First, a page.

Ask the Archivist - annexed burghs



Every week whilst we're closed, we're inviting our wonderful community to submit questions on a different topic for our archivists to answer. Topics are announced each Monday on Facebook and Twitter. You have until the Thursday to ask questions, then we post a selection of questions and answers on the Friday.


Our next topic was a really interesting one: the records of Glasgow's annexed burghs. The Q&A is below. 


Q1: What is a burgh and how was its boundaries decided?


A burgh was a town and its boundaries were usually outlined in its charter. Royal burghs and burghs of barony (like Anderston) had their own liberties, privileges and courts. Police burghs (like Kinning Park) were created from 1850 onwards. These were areas with a large enough population which could undertake their own police and public health functions.


Burgh boundaries could be a contentious subject and many were changed and simplified as a result of the work of the Boundary Commissioners appointed by the Local Government (Scotland) Act, 1889. Some records of (and those relating to) the commissioners’ work appears in our collections.


Q2: Do you hold any maps showing the burghs’ boundaries?


We hold an annexed burghs map which outlines each burgh’s boundary. It’s also worth looking through the records of Glasgow Corporation’s departments of Health (ref: D-HE) and the Town Clerk (ref: D-TC) as well as our parliamentary papers (ref: A3). The records of the annexed burghs themselves may contain references to boundaries in letter books and correspondence. Unfortunately, these archives are not currently available online.


Q3: How did the residents of these burghs feel about being annexed to Glasgow?


Glasgow officials were keen to highlight the benefits of annexation. In some cases, they promised new buildings (like Partick Library in the plan shown below) as well as reduced rates. However, several burghs did not want to lose their independence and there was a lot of opposition to annexation. Govan and Partick residents were particularly vocal about not becoming part of the expanding city. Ultimately, these protests were not successful and both burghs joined the city in 1912.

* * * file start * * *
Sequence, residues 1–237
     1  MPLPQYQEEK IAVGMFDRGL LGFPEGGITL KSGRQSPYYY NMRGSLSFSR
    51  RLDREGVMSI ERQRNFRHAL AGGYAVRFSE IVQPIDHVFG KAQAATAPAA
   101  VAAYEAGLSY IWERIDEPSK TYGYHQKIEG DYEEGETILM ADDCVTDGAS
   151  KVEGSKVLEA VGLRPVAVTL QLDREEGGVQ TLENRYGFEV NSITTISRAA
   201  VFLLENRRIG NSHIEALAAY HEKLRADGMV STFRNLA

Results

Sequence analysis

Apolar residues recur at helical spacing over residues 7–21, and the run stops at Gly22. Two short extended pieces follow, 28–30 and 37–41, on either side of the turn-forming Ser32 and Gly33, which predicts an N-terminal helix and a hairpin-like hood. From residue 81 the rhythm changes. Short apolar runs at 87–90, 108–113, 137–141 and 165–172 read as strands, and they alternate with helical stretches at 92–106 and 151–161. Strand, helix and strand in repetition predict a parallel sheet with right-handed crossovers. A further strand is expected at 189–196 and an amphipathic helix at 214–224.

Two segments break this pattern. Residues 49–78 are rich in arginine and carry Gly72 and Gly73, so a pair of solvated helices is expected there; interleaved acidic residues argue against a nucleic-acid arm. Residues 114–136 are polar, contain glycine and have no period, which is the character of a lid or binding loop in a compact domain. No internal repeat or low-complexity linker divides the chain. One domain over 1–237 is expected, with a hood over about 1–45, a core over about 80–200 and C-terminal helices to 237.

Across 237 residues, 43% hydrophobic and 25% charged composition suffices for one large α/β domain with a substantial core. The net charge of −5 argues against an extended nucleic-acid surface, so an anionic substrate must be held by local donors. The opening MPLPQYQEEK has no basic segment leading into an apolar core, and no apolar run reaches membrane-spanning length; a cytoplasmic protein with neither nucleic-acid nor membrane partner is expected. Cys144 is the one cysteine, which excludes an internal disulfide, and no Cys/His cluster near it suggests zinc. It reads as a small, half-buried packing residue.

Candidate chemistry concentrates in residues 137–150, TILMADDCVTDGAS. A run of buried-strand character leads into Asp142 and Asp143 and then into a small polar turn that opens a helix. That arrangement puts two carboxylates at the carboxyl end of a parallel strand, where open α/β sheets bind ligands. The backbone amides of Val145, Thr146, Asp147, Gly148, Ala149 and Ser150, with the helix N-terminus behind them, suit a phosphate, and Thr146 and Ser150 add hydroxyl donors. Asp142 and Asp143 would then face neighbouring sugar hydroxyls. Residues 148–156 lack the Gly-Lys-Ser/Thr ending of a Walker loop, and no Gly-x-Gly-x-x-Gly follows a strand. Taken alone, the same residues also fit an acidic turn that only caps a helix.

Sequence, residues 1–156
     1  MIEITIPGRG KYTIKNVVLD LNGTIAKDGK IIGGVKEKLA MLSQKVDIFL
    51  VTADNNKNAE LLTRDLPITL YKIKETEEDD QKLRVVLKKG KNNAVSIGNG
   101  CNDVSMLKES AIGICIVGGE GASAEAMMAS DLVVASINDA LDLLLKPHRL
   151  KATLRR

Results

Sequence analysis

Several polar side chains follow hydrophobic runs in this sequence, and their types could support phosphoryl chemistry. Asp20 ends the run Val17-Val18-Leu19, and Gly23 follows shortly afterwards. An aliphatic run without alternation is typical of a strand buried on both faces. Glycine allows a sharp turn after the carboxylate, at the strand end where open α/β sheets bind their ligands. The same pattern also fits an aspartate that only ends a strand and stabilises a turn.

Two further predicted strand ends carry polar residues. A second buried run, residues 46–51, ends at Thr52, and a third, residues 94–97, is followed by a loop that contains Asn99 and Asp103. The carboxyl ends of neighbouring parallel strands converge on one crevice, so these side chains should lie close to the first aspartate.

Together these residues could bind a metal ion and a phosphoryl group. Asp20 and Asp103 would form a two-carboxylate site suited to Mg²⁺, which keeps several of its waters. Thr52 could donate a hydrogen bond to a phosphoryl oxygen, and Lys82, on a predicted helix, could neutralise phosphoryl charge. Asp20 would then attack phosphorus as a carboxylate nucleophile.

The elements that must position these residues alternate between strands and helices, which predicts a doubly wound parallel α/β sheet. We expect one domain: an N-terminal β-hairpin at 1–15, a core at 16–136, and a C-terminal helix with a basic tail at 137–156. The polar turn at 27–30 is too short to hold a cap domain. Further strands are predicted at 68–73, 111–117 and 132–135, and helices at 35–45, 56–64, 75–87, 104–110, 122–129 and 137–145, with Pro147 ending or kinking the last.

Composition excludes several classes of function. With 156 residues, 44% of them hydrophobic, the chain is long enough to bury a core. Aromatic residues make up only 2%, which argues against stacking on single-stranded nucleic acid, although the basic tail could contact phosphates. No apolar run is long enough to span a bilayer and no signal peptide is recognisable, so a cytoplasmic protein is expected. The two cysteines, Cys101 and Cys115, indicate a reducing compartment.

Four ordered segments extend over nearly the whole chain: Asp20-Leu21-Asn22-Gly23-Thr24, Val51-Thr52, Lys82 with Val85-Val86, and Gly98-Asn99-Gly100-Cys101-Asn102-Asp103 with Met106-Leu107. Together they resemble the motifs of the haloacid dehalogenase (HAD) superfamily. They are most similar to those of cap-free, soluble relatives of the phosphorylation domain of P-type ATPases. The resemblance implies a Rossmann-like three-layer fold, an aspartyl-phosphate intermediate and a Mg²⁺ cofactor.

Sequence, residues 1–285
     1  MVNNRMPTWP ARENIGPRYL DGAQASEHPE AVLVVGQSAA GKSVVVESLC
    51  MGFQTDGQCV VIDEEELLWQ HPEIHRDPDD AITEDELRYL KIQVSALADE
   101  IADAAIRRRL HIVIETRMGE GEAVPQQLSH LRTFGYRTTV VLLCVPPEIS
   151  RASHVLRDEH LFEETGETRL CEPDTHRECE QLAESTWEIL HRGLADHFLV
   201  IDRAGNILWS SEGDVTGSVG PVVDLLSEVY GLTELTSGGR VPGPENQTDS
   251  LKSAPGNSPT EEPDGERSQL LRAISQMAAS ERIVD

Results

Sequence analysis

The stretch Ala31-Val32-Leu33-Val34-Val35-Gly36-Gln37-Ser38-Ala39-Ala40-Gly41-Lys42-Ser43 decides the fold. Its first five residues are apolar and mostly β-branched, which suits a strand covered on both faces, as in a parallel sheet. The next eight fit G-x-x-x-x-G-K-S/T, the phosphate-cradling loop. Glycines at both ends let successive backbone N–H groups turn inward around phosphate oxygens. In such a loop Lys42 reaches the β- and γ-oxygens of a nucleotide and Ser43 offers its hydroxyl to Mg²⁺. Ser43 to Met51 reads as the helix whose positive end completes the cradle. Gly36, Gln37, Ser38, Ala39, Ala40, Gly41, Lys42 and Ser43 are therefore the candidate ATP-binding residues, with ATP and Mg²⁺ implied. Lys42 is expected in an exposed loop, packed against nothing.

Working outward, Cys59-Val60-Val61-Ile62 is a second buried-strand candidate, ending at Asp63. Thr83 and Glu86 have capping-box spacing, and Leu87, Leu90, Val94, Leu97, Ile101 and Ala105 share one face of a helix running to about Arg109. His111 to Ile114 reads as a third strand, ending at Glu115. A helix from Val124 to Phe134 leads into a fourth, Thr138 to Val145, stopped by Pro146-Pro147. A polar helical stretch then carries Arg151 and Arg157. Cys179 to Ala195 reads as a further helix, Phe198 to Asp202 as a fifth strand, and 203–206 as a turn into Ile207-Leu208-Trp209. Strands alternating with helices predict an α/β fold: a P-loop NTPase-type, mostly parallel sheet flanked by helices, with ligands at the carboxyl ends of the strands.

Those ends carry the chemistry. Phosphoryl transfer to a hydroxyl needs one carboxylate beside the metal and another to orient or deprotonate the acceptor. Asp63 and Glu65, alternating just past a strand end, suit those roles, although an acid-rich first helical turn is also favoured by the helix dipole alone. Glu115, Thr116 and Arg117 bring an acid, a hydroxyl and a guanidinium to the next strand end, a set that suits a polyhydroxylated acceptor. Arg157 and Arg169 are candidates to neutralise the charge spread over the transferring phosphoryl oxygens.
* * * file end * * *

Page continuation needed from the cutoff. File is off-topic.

Q4: Was every area of land taken into Glasgow an independent burgh?


No. While many were, some were villages or built-up areas which had never established themselves as burghs. These areas (with their date of joining Glasgow) include Dennistoun (1846), Mount Florida (1891), Possilpark (1891), Newlands (1912) and Knightswood (1926).


Q5: If the area being taken over wasn’t an annexed burgh (e.g. Woodlands or Nitshill), would you have records for it?


We might! For example, Woodlands was part of the lands of Blythswood taken over by Glasgow in 1830. It wasn’t a burgh but there should be references to it in the Blythswood Estate records which we hold (ref: TD234). It’s always worthwhile considering what an area may have originally been part of when trying to trace relevant archives. Was it on a private estate or in a particular county? As Nitshill was part of Renfrewshire before joining Glasgow, our holdings of Renfrew county records would be a good place to start researching it.


Q6: Was the royal burgh of Rutherglen ever part of Glasgow?


Rutherglen was first founded as a royal burgh in 1126. It continued as such, independent of Glasgow, until 1975 when all royal burghs were dissolved throughout Scotland. It was the town of Rutherglen (rather than the royal burgh) which then became part of Glasgow for a brief period. We hold the records for the royal burgh of Rutherglen which cover 1542 – 1975 and include charters, valuation rolls and building plans (ref: RU). When Scottish local government was re-organised again in 1996, Rutherglen became part of South Lanarkshire Council.


Q7: Of the burgh halls which still survive, which is the oldest?


Most of the annexed burghs had a town or burgh hall where burgh business was conducted. Some had courtrooms and public halls while others had additional public facilities like those at Maryhill Burgh Halls. Two burghs (Crosshill and Govanhill) shared a building, which is now known as Dixon Halls.


Several of these buildings have been demolished. Hillhead Burgh Hall previously occupied the site on Byres Road where Hillhead Library now stands. It’s remembered in Burgh Lane, the street which runs along the back of the library.


However, many burgh halls have survived including those for Maryhill, Crosshill, Govan, Govanhill, Partick, Pollokshaws (shown in the picture below) and Pollokshields. Of these, Partick Burgh Hall is the oldest. It was built in 1872 to the designs of William Leiper and is located in Burgh Hall Street.





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